Pathé was founded by brothers Charles & Émile Pathé, who were owners of a successful bistro in Paris. About 1890 they saw an Edison phonograph demonstrated at a fair and, captivated by the device, arranged to lease one as an attraction at their bistro. The early phonograph soon brought so many curious people to the Pathé establishment that lines formed to listen to it. Some even asked about purchasing phonographs for themselves. The brothers decided that, rather than give more business to Edison, they would make their own phonographs. In 1894 they started selling their own phonographs—initially based on Edison Company design—together with blank phonograph cylinders for people to make records with. Some time later they also started marketing pre-recorded cylinder records, and by 1896 had offices and recording studios not only in Paris, but also in London, Milan, and Moscow.
In 1905 they entered the growing field of disc records, at first with single-sided discs with a recording in wax on top of a cement base. In October of 1906 they started producing discs in the more usual material of shellac. Even with this less eccentric material, Pathé discs were unlike any others. The grooves were cut vertically into the discs, rather than the more common lateral method. The grooves were wider than that used by any other company, requiring a special ball-shaped .005 inch radius stylus to track them. The discs rotated at 90 rpm (and even 120 rpm), rather than 78 or 80. The recordings started on the inside near the center of the disc, spiraling out to the edge rather than vice-versa. Possibly all of this unusual technology was a preventive measure to ensure that no other record company could sue Pathé for violating their patents. Even the record sizes were unusual; other disc records came in 7 inch, 10 inch, and 12 inch sizes, while Pathé's came in 21 cm, 25 cm, 27 cm, 29 cm, 35 cm, and 50 cm (roughly 81⁄2 inch, 10 inch, 113⁄4 inch, 12 inch, 14 inch, and 20 inch) sizes. Unsurprisingly, these Pathé system records could only be played on Pathé phonographs, which would usually not play other types of recordings.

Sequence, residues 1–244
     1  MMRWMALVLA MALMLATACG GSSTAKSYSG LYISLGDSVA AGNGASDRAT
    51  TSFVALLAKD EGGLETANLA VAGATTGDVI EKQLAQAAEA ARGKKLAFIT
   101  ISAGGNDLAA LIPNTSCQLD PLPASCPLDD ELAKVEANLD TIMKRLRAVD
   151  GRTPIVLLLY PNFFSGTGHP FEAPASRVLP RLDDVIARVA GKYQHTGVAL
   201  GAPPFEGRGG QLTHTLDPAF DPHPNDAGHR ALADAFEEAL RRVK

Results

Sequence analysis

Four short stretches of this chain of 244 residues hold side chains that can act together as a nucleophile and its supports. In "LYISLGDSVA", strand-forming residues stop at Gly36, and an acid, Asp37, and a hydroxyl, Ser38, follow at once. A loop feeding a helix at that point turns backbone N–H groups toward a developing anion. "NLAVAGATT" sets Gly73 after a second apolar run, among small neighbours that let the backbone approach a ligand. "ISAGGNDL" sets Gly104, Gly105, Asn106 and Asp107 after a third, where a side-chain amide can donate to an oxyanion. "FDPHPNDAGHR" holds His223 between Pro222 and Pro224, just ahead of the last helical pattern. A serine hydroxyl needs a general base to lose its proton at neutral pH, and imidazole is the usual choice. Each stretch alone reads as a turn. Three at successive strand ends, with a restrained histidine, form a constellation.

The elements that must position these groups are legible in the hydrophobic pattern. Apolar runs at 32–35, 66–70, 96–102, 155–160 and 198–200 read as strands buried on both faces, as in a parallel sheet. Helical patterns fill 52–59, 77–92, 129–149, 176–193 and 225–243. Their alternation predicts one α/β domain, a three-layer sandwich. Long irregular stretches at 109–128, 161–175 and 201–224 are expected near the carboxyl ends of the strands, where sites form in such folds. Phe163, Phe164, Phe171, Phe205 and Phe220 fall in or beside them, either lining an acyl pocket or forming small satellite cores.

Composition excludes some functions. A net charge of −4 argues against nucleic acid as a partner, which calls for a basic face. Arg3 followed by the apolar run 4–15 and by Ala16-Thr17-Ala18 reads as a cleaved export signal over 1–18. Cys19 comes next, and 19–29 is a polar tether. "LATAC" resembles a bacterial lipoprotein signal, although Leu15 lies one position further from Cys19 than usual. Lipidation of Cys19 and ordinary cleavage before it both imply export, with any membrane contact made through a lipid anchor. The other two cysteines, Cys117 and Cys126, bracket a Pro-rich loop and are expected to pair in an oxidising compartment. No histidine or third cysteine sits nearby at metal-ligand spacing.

In 1903 Pathé opened the first small warehouse in Moscow, while in 1907 there already was a record manufacturing shop on the Bakhmietievka with 12 working presses. By 1911 the company had branches in St.-Petersburg, Rostov-on-Don, Warsaw and Odessa.